The First Time Series: Breasts

Words by Bronte Coates

Published on September 26, 2012

The first time she showed a boy her breasts she apologised. She knew there was something wrong with them because they didn’t look like the ones from magazines. They weren’t round enough. The patch of darkness around the nipple was too big, the area puckered up as though pimples were threatening to burst through. There were a few strands of long hair growing on the left side. And they already sagged a little. She thought she was meant to be pert, at least in the beginning, but these things were monstrosities. She didn’t want anyone to notice them. She held them still with one forearm when running to catch a bus; she crossed both arms carefully across bikini tops because if she wasn’t careful enough the two nubs pushed together and created cleavage. When she hugged people she kept her upper body apart to avoid crushing against them. She worried she’d knock someone out when she turned around.¬†They reminded her of the thick wedges of fat her mother cut from steak, that dirty plastic colour and slimy like fish.

She meets Catherine at an engagement party. Her brother’s getting hitched to a girl her mother can’t stand but she thinks the girl’s alright, if a bit stupid. She’s twenty and worried about plastic bags suffocating sea turtles and she doesn’t know Catherine yet but she’s noticed straightaway the muscular woman standing across the room. The woman has a chest so flat you could fry an egg on it if it was hot enough. Her mother comes over and says I just heard a man laugh and I thought someone was dying.

Later, they’re both waiting in line and Catherine introduces herself as a ‘sort-of cousin’ of the bride-to-be. Sarah says I’m from the groom’s side and Catherine says you look like it. Then she offers her a fag. Sarah takes it from her like she’s being handed back a bus ticket. She holds it between two fingers. The old woman standing behind taps her shoulder. You can’t smoke that here. Alright then, Catherine says, we’ll take it outside. She walks off and Sarah follows because she’s still holding the cigarette. From behind she studies the fall of Catherine’s shoulders. The woman looks hard. She looks like she’s been carved from granite.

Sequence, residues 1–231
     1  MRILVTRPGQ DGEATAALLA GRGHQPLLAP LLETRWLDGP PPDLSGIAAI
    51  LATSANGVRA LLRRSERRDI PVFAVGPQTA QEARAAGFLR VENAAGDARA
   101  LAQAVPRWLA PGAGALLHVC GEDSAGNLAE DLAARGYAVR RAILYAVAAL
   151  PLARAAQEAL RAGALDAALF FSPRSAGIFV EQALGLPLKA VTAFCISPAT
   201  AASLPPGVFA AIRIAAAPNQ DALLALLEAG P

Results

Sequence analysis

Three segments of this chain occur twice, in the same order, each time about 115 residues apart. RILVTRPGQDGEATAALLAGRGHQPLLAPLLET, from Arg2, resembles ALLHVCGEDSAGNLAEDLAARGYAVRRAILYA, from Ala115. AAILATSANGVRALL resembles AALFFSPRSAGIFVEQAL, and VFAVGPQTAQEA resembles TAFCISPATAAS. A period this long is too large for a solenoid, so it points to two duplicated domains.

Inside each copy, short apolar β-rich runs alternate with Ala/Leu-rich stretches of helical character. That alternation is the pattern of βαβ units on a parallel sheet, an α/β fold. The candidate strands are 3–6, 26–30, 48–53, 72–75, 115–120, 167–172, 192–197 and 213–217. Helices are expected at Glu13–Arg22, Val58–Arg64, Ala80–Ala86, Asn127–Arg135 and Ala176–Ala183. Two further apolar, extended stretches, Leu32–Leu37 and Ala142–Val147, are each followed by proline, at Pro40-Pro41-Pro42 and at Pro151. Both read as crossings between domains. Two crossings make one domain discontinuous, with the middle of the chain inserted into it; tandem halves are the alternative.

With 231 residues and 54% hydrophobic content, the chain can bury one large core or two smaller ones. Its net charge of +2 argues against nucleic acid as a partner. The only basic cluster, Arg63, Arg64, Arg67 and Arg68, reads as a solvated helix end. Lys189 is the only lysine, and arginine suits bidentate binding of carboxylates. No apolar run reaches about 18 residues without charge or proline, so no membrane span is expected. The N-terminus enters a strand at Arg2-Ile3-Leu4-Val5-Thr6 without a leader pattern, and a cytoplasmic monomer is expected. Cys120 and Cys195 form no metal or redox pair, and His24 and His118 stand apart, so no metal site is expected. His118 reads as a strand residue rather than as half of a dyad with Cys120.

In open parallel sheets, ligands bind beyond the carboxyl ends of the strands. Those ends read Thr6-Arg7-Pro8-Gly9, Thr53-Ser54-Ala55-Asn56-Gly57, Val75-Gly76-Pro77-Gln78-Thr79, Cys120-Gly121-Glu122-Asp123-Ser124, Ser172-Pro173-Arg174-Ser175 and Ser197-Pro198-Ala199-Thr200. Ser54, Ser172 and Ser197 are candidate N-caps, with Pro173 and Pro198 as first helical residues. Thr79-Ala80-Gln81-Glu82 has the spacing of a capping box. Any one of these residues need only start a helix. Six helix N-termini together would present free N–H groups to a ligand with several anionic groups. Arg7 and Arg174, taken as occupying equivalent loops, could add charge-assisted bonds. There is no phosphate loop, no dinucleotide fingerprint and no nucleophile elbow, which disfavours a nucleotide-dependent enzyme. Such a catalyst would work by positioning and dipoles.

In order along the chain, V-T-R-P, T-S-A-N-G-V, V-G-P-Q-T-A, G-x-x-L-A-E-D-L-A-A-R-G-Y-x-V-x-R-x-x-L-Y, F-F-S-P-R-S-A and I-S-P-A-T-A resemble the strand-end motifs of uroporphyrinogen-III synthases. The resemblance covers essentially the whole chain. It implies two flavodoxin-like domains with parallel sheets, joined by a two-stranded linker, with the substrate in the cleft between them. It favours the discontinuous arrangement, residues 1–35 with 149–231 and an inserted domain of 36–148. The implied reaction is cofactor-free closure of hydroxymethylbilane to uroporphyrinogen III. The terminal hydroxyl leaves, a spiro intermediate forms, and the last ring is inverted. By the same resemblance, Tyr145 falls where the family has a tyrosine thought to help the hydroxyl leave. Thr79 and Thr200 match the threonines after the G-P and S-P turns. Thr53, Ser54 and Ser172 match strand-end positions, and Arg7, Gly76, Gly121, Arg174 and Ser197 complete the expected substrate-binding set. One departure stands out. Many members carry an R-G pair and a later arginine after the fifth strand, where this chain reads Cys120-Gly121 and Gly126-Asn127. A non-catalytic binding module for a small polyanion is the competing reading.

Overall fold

And when they’re in the courtyard Sarah asks Catherine if she really looks like her brother. It’s your nose that gave you away, says Catherine. She lifts the flame to Sarah’s cigarette and Sarah decides she’s going to tell her mother that Catherine is a past Olympian. She’ll talk about the poor woman’s tragic near miss for a bronze and how she’s channeled her dedication into something so beautiful, a home for lost animals. The flame flickers out. Sarah coughs on the first inhale and Catherine reaches out to comfort her. Her hand stays on Sarah’s breast. Oh, she thinks. Oh, this is what they’re for.